2. In its second and third enumerations, Pinnacle contends, respectively, that the trial court erred in granting a special lien on Pinnacle's contractual option rights, and on Pinnacle's rights under a deed to secure debt. However, Pinnacle did not raise the option rights argument below, and in the case of the deed to secure debt, put forth a completely different argument.

It is well-settled that “issues presented for the first time on appeal furnish nothing for us to review[,] for this is a court for correction of errors of law committed by the trial court where proper exception is taken.”32 Nor may Pinnacle alter the course of its arguments mid-stream, raising issues on appeal that were not raised before the trial court. “Appellate courts do not consider whether summary judgment should have been granted for a reason not raised below because, if they did, it would be contrary to the line of cases holding that a party must stand or fall upon the position taken in the trial court.”33

Judgment affirmed.


1.  (Footnotes omitted.) Dan J. Sheehan Co. v. The Fairlawn on Jones Homeowners' Assn., Inc., 312 Ga.App. 787, 788 (720 S.E.2d 259) (2011); OCGA § 9–11–56(c).

2.  (Punctuation and footnote omitted.) Fundus America (Atlanta) Ltd. Partnership v. RHOC Consolidation, LLC, 313 Ga.App. 118, 118 (720 S.E.2d 176) (2011).

3.  The contracts do not provide an overall purchase price, merely contemplating that it will be “an amount equal to the cost to [Pinnacle] and its affiliates of the [land] and land improvements” as of the closing date on the land sale.

4.  Mainline recorded its claim of lien on January 7, 2009. Because Georgia has twice amended OCGA § 44–14–361.1, with those amendments taking effect March 31, 2009, and July 1, 2010, we will here apply the earlier version of the statute. See Laws 2000, p. 1589, § 3.

5.  (Emphasis supplied.)

6.  OCGA § 44–6–20.

7.  OCGA § § 44–6–102, 44–6–103.

8.  OCGA § 44–7–1.

9.  Jones v. E.I. Rooks & Son, 78 Ga.App. 790, 792–793(1) (52 S.E.2d 580).

10.  (Citations and punctuation omitted; emphasis supplied.) Read v. Ga. Power Co., 283 Ga.App. 451, 453 (641 S.E.2d 680) (2007).

11.  (Citations omitted.) Citizens & Southern Realty Investors v. L.G. Balfour Co., 152 Ga.App. 852, 853(2) (264 S.E.2d 304) (1980).

12.  (Emphasis in original; emphasis supplied.) Meco of Atlanta, Inc. v. Super Valu Stores, Inc., 215 Ga.App. 146, 148(1) (449 S.E.2d 687) (1994), citing James G. Wilson Mfg. Co. v. Chamberlin, etc., Co., 140 Ga. 593, 593 (79 SE 465) (1913).

13.  (Citations and punctuation omitted.) Johnson Central Svc. of Ga., Inc. v. Emory Univ., 170 Ga.App. 493, 496(1) (317 S.E.2d 303) (1984) (based upon analysis of terms of rental/lease agreements, fraternity did not obtain title or estate in fraternity house, but rather had “use of the building” built on land owned by university).

14.  (Citation and punctuation omitted.) Id., citing Powell v. Harris, 39 Ga.App. 295, 296(2) (147 S.E.2d 189) (1929).

15.  Georgia law contemplates severing ownership in land from ownership in a building on the land. See Sawyer Coal & Ice Co. v. Kinnett–Odom Co., 192 Ga. 166, 174–175(6) (14 S.E.2d 879) (1941) (a deed conveying a building may or may not convey the land on which it stands, depending on the intent of the parties); Consolidated Warehouse Co. v. Smith, 55 Ga.App. 216, 220 (189 SE 724) (1937) (a scale attached to the floor of a warehouse building was a permanent fixture and passed with title to the warehouse when the warehouse was sold, where title to the warehouse was vested in one party but title to the land on which the warehouse was located was vested in another). Most of our cases addressing this issue involve buildings that may be removed from the premises. See Conley Housing Corp. v. Robert E. Coleman, 211 Ga. 835, 838 (89 S.E.2d 482) (1955) (lessee had “title to all improvements,” which were moveable, privately owned apartments attached to government land); Barwick v. Roberts, 192 Ga. 783, 785 and 787–788 (16 S.E.2d 867) (1941) (farmer had estate for years in land, but had ownership in removable farmers' market building). There is no indication of whether the office building in the instant case can be removed; the parties' agreements make no mention of removal.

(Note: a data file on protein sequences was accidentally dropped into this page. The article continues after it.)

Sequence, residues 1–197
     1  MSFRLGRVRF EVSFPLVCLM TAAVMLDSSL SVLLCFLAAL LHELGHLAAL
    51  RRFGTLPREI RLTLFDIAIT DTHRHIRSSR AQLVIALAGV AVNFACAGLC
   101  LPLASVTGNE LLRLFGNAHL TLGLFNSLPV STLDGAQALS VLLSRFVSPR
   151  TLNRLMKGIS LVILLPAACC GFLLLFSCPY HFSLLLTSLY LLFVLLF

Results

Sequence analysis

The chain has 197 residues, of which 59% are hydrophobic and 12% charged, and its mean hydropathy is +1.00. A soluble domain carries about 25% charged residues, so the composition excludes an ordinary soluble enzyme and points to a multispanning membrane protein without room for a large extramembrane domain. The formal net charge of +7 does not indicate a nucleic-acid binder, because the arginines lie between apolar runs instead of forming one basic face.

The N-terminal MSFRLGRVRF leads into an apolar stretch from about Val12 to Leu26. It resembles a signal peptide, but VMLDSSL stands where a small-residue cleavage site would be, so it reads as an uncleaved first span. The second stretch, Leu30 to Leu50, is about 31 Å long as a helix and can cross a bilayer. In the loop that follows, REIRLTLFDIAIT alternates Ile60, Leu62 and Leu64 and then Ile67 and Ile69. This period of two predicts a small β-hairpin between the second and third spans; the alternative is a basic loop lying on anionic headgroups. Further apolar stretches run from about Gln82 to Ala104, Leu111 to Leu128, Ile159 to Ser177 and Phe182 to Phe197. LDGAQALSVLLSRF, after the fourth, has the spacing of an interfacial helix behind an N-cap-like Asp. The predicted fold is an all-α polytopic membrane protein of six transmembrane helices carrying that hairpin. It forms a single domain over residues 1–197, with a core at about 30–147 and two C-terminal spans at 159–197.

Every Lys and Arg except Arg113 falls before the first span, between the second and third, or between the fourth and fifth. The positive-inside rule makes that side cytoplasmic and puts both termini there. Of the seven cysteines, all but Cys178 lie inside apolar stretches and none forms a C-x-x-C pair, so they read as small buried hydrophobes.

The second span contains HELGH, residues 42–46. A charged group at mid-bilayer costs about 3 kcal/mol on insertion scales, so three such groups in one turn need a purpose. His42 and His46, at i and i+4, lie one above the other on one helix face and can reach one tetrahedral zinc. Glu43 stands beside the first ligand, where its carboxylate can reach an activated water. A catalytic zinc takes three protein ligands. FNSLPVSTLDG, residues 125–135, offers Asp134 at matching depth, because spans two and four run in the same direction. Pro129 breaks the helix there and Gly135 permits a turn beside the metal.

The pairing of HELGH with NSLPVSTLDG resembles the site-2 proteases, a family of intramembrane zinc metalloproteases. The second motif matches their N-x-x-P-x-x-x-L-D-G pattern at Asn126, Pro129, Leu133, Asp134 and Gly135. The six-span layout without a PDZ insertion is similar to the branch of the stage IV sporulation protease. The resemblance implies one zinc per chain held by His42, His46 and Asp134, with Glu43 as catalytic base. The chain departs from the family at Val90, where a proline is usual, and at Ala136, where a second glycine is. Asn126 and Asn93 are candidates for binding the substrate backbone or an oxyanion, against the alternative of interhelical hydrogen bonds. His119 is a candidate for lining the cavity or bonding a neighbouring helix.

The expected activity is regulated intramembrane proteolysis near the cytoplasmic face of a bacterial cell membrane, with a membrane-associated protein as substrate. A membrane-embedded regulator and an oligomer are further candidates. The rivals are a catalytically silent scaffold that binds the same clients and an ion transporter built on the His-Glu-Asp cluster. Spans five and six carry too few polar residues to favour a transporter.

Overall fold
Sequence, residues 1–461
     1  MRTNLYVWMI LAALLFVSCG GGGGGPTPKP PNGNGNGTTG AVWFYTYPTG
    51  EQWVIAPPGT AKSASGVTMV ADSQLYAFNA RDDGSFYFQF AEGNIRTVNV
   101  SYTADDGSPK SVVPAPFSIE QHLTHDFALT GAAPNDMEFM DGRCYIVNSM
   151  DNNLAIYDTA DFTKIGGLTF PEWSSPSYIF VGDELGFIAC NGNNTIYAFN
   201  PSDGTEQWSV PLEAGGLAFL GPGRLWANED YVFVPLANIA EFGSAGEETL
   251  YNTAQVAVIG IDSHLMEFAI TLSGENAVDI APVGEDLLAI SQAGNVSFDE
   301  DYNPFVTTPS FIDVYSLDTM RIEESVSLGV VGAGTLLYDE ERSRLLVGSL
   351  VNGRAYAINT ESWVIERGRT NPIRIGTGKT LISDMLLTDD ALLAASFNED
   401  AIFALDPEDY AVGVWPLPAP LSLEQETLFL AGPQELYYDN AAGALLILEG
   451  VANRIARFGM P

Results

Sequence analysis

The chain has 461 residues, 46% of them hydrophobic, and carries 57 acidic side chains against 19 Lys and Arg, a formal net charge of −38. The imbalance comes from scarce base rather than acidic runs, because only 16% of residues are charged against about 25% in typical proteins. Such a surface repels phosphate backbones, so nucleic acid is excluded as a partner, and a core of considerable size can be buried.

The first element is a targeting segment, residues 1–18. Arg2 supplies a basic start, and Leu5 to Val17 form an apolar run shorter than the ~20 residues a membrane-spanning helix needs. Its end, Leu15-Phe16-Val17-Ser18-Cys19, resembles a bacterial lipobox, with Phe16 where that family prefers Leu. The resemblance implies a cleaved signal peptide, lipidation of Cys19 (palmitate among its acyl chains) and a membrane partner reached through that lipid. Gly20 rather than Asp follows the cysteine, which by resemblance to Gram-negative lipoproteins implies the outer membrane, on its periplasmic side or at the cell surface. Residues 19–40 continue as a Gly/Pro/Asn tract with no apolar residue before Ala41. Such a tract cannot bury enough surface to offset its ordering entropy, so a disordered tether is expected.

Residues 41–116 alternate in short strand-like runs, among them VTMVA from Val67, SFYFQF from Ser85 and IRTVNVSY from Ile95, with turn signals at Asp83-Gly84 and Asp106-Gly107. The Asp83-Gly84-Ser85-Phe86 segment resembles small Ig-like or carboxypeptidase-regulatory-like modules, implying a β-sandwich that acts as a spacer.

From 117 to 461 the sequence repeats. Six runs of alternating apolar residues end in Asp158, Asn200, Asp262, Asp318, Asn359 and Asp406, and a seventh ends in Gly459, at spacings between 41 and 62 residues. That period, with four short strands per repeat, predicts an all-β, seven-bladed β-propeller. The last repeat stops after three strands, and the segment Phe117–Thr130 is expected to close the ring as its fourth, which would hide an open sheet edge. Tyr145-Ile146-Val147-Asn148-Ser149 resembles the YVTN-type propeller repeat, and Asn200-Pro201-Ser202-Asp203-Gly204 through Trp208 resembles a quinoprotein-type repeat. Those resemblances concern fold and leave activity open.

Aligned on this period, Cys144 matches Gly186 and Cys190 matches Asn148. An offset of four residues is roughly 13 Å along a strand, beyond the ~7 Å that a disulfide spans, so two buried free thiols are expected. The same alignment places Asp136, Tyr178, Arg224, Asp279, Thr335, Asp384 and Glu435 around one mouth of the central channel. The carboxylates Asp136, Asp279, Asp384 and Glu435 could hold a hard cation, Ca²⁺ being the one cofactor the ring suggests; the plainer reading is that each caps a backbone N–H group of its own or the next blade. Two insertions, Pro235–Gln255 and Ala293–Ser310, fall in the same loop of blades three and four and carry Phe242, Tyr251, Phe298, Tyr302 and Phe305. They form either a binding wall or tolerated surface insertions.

16.  We note, at the outset, that only the summary judgment order that is the subject of this appeal finds that Pinnacle has a “fee simple” interest in the building; the prior, unappealed summary judgment order merely states, without more, that Pinnacle has “title” to the building.

17.  (Emphasis supplied.) OCGA § 44–6–20.

18.  See generally Jenkins v. Shuften, 206 Ga. 315, 318(1) (57 S.E.2d 283) (1950).

19.  (Emphasis supplied.)

20.  OCGA § 44–6–21.

21.  The definition of “Property,” by the PSFO's own terms, included land that Pinnacle sold to KDA. Notwithstanding Pinnacle's potential purchase rights under the option contract, “something that is capable of ripening into a fee simple title, is not at present a fee simple title.” Union Camp Corp. v. Youmans, 227 Ga. 687, 696(4) (182 S.E.2d 468) (1971) (punctuation omitted).

22.  See Diversified Golf, LLC v. Hart County Bd. of Tax Assessors, 267 Ga.App. 8, 10–11 (598 S.E.2d 791) (2004).

23.  DeKalb County Bd. of Tax Assessors v. W.C. Harris & Co., 248 Ga. 277, 279–280(2) (282 S.E.2d 880) (1981).

24.  See Diversified Golf, supra at 10.

25.  (Footnote omitted.) Jekyll Development Assocs., L.P. v. Glynn County Bd. of Tax Assessors, 240 Ga.App. 273, 276(5) (523 S.E.2d 370) (1999).

26.  OCGA § 44–6–103.

27.  Sasser & Co. v. Griffin, 133 Ga.App. 83, 85(1) (210 S.E.2d 34) (1974). Accord James G. Wilson Mfg. Co., supra. See also Jekyll Development Assocs., supra 275(2) (“An estate for years may be encumbered or somewhat limited without being reduced to a usufruct”) (footnote omitted).

28.  (Citations and punctuation omitted; emphasis supplied.) Meco of Atlanta, supra.

29.  James G. Wilson Mfg. Co., supra.

30.  (Citation and punctuation omitted.) Dan J. Sheehan Co., supra at 790(1), n.11.

31.  We note that absent consent of a landlord to the contract under which the improvements were made, a landlord's equitable interest in improvements is not subject to lien. If the lien here was filed only against the landlord's reversionary interest rather than Pinnacle's legal interest, “it would indirectly ․ subject the landlord's equitable interest in improvements to the leasehold to a lien asserted by [the] materialman. It is well settled that one cannot do indirectly that which the law does not allow to be done directly.” Meco of Atlanta, supra. (Citation omitted).

32.  (Citations and punctuation omitted.) CPD Plastering, Inc. v. Miller, 284 Ga.App. 172, 174(1) (643 S.E.2d 392) (2007). See also Venture Design, Ltd. v. Original Appalachian Artworks, Inc., 197 Ga.App. 432, 434(3) (398 S.E.2d 781) (1990) (contractor could not argue for the first time on appeal that an indemnity agreement was contrary to public policy under applicable statute and was therefore invalid).

33.  (Citation and punctuation omitted.) Wellons, Inc. v. Langboard, Inc., 315 Ga.App. 183, 186(1) (726 S.E.2d 673) (2012).

RAY, Judge.

MILLER, P.J., and BRANCH, J., concur.